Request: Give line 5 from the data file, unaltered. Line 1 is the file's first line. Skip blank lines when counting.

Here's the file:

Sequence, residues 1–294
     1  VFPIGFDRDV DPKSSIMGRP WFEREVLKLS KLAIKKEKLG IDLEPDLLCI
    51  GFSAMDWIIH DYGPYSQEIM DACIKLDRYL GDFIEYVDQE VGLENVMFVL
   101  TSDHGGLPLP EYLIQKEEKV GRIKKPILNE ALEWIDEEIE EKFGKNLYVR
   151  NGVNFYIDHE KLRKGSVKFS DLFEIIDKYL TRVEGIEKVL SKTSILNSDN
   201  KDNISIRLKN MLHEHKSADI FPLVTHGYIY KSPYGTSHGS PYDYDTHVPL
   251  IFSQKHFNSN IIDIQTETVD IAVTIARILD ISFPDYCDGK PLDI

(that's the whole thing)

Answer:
   151  NGVNFYIDHE KLRKGSVKFS DLFEIIDKYL TRVEGIEKVL SKTSILNSDN